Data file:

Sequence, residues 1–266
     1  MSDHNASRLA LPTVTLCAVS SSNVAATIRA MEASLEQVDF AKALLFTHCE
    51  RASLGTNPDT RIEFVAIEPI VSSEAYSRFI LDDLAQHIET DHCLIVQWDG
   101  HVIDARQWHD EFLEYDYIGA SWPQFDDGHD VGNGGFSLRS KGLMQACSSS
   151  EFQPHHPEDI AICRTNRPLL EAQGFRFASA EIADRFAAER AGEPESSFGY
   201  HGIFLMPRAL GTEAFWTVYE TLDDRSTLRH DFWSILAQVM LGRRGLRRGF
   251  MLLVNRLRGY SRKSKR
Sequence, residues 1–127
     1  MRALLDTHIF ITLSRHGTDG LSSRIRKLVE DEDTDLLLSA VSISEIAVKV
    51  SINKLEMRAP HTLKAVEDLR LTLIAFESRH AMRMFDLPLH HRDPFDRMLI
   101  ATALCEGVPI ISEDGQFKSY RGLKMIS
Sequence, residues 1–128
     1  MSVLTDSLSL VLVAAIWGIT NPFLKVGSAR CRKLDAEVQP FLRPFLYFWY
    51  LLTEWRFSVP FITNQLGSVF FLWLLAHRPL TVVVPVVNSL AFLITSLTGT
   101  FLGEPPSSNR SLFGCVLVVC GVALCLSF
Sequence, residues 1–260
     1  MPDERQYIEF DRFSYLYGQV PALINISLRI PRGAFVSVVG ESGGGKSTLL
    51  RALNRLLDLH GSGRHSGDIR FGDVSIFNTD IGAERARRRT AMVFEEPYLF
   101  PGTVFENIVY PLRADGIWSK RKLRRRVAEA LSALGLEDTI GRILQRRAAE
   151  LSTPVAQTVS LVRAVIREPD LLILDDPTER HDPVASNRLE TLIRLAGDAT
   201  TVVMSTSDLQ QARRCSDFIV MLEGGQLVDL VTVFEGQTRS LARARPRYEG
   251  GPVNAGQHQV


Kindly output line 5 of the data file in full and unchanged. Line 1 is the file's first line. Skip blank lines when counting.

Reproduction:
   151  EFQPHHPEDI AICRTNRPLL EAQGFRFASA EIADRFAAER AGEPESSFGY